I do have a couple releases under my belt now. First is a remix of Martyn Päsch’s track ‘Sacred’ on KVLTÖ Records which came out in September 2018. The most recent is my first solo EP on Ascetic Limited, titled ‘Eine Reise durch den Geist’ (in English: “a journey through the mind”). This EP includes 2 original tracks and a remix by my good friends who run the label, Motionen. I’m already working towards my next release, so hopefully I’ll have more news regarding that soon!
CZ: Tell me about your As You Like It podcast. How’d you put it together? Did you have a plan or goal with this mix? Is it fairly representative of yourself as a DJ?
LH: This podcast is actually a live recording from my opening set from our event with Ø [Phase] back in March. My goal with this set was to play a deep, melodic, and rolling warm-up before the headliner, which has been really enjoyable for me to do. I believe opening sets are a challenge and a great chance to show control in your music selection, not just play bangers (although I love being able to to that too!) I play according to the situation: the time, how many people are there, the type of venue, sometimes depending on who else is on the lineup. I am always adjusting and don’t just play in one style. That being said, my sound always incorporates an element of trippy-ness, deepness, and atmospherics. I enjoy getting to play ambient in situations where it fits. When you see me play an opening set, though, this mix is usually the type of stuff you can expect from me.
CZ: How do you usually prepare for your DJ sets? Do you like to come in with a plan, wing it as you go, a little bit of both, or something else altogether?
LH: I like to go through my music and sometimes make a playlist for a show with tracks that have the kind of vibe I’m looking for. Sometimes I just go in knowing the first and last track that I’d like to play. I also organize my music by energy with star ratings in Rekordbox, so sometimes I just draw from there. I always bring my entire collection with me in case I just want to feel out the mood. I love playing longer sets for the chance to really get into improvising and feeling it out as you go.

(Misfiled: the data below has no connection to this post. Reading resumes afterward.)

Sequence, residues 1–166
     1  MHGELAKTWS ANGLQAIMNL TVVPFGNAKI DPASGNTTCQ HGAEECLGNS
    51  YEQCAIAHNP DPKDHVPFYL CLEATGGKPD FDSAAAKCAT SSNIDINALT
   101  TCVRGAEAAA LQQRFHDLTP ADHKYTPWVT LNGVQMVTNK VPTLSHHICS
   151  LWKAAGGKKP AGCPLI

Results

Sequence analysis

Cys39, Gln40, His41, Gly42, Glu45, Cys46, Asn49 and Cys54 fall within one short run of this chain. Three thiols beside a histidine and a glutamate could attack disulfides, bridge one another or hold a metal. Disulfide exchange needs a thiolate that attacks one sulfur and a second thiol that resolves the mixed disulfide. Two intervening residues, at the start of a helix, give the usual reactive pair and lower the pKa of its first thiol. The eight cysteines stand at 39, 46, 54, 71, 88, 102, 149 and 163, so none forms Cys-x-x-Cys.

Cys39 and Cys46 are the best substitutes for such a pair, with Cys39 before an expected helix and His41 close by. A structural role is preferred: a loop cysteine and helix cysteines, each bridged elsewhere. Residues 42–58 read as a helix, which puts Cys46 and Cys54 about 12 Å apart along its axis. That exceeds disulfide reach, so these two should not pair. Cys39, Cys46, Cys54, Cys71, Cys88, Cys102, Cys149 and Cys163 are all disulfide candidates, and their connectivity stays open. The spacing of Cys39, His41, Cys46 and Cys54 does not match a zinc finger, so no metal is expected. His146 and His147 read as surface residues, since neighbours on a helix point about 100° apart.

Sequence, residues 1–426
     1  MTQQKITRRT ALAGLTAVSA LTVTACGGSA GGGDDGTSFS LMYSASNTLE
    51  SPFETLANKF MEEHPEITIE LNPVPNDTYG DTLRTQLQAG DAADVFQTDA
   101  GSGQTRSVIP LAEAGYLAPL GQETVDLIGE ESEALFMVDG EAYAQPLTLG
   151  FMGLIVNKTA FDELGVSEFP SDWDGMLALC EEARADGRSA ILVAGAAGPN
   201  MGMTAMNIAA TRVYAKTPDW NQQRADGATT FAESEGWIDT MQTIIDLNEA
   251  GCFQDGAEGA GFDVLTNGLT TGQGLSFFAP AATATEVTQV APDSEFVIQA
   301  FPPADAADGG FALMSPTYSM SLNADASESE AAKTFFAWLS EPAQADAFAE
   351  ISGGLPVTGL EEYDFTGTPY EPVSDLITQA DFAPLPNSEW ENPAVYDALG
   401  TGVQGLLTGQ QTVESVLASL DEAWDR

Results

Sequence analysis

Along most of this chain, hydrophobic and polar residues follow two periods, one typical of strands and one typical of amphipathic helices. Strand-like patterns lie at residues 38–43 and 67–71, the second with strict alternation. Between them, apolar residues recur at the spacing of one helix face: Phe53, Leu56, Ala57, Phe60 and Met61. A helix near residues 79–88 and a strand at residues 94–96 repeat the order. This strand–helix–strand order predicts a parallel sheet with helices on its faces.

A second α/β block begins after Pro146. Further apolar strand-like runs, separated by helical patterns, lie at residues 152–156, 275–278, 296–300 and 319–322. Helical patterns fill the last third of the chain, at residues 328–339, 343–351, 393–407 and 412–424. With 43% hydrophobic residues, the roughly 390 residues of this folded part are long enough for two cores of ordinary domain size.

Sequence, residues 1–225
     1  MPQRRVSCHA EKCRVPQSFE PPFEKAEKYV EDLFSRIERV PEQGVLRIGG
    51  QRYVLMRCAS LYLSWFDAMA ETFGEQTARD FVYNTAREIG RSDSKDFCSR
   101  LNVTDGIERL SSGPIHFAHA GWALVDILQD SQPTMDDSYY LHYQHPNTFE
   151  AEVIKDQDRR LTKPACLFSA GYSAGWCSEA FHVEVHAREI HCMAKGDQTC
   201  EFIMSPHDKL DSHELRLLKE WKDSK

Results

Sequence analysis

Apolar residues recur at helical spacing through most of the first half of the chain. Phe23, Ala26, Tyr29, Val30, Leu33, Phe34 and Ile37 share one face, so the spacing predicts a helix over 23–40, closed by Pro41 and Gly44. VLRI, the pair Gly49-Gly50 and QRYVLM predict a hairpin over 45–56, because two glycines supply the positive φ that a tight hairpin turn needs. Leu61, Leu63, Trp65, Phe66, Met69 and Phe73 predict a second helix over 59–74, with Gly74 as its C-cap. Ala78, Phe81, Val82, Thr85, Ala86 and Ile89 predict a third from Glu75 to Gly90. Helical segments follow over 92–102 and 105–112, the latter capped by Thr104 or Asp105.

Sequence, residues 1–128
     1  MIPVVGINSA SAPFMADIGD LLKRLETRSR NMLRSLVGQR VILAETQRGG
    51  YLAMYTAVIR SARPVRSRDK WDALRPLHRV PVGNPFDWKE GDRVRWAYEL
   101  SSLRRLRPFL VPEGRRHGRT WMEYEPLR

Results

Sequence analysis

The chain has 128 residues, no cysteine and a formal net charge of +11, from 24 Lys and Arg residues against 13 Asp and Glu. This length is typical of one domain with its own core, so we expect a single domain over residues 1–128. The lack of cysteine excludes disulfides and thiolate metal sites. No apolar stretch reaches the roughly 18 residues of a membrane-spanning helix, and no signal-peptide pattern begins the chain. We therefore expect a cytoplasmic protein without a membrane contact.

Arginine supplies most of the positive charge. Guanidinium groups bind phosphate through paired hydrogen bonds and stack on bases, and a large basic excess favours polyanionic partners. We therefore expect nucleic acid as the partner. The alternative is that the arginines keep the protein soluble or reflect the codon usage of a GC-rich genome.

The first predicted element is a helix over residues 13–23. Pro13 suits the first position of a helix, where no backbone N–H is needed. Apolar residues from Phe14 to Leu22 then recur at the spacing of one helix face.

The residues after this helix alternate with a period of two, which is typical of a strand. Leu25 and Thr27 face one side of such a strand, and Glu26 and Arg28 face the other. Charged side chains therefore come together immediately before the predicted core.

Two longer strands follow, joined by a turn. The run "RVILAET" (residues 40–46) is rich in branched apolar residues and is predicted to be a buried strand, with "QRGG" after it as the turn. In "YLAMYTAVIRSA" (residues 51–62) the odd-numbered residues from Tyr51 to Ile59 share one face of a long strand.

CZ: Tell me about your musical projects outside of DJing and producing — you’re now running Robot Ears yourself, right?
LH: Well, I just am finishing up college and have gotten really into working in sound design for films, including foley and its recording as well as post-production. I am hoping to pursue work in this field in the future!
Also yes, I have been running Robot Ears for about the last year and a half. Previously I had been the social media manager for several years as well as a resident, but I got “promoted,” if you will, to being the booking manager, venue coordinator, handling logistics, and just running things in general. I have experienced the challenges of being a promoter in SF; I have learned a lot and it gives me a whole new appreciation for everyone else trying to push more obscure music in this scene. It’s been awesome to curate special nights with the sound I believe in.
CZ: What’s some music you’re listening to and loving? Could be old, new, dance music or not — what are you hooked on right now?
LH: Lately I’ve been pretty into just electronic music; in my down time I listen to a lot of dub techno, deep/psychedelic techno, and ambient / drone. Some of my music idols are Luigi Tozzi, Oscar Mulero, Evigt Mörker, and Inigo Kennedy — to me these people are musical geniuses. The way they play with texture and melodies is just so beautiful and it leaves me feeling very inspired. I also really love Boards of Canada and found a lot of inspiration through listening to their music. I’m a big fan of Warmth’s ambient productions along with The Gods Planet too. Some of my favorite labels at the moment are Semantica, Hypnus, Oslated, Pole Group, Norite, Nonplus, Circular Limited, Greyscale, and Newrhythmic. I could go on for days with artists I love, it’s really hard to narrow it down.